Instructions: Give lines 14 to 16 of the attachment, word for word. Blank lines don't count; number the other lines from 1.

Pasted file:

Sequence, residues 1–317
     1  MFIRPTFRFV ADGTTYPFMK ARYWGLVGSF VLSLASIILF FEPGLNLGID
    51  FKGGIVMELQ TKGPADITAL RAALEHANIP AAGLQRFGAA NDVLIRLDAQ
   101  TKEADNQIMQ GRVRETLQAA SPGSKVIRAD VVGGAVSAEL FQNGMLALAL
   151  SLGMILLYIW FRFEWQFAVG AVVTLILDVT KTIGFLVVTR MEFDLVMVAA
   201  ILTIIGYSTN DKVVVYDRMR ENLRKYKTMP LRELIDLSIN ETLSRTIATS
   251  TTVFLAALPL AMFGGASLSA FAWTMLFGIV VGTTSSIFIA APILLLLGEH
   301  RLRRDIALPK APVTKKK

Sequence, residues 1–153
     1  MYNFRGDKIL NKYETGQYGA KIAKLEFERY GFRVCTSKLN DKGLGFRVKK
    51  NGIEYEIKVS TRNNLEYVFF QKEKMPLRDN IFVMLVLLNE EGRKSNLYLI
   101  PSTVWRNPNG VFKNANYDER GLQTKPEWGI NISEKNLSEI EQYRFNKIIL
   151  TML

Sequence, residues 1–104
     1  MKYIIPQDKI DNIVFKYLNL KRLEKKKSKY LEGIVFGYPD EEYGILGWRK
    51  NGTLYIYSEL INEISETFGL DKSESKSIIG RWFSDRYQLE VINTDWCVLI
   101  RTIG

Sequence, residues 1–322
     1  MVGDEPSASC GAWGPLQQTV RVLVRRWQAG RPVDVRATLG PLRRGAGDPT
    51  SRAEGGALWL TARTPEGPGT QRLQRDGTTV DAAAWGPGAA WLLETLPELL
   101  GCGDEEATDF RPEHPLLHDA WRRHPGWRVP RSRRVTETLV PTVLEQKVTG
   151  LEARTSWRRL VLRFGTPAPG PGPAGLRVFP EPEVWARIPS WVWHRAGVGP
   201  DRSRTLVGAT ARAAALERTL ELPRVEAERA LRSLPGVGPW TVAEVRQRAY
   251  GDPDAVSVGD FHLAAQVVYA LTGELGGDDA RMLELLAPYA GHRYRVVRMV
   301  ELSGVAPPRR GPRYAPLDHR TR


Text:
Sequence, residues 1–104
     1  MKYIIPQDKI DNIVFKYLNL KRLEKKKSKY LEGIVFGYPD EEYGILGWRK
    51  NGTLYIYSEL INEISETFGL DKSESKSIIG RWFSDRYQLE VINTDWCVLI